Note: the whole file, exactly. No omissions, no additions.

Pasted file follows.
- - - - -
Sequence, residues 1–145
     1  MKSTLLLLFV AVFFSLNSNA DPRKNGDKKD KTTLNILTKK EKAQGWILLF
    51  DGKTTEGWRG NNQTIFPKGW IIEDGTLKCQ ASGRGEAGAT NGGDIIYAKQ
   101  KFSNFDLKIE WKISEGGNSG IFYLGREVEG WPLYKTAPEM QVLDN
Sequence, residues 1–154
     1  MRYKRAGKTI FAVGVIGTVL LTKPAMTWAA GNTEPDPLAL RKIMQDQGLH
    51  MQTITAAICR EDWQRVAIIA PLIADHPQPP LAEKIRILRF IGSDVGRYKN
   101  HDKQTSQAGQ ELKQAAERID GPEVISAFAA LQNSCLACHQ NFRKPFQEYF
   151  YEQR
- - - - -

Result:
Sequence, residues 1–145
     1  MKSTLLLLFV AVFFSLNSNA DPRKNGDKKD KTTLNILTKK EKAQGWILLF
    51  DGKTTEGWRG NNQTIFPKGW IIEDGTLKCQ ASGRGEAGAT NGGDIIYAKQ
   101  KFSNFDLKIE WKISEGGNSG IFYLGREVEG WPLYKTAPEM QVLDN
Sequence, residues 1–154
     1  MRYKRAGKTI FAVGVIGTVL LTKPAMTWAA GNTEPDPLAL RKIMQDQGLH
    51  MQTITAAICR EDWQRVAIIA PLIADHPQPP LAEKIRILRF IGSDVGRYKN
   101  HDKQTSQAGQ ELKQAAERID GPEVISAFAA LQNSCLACHQ NFRKPFQEYF
   151  YEQR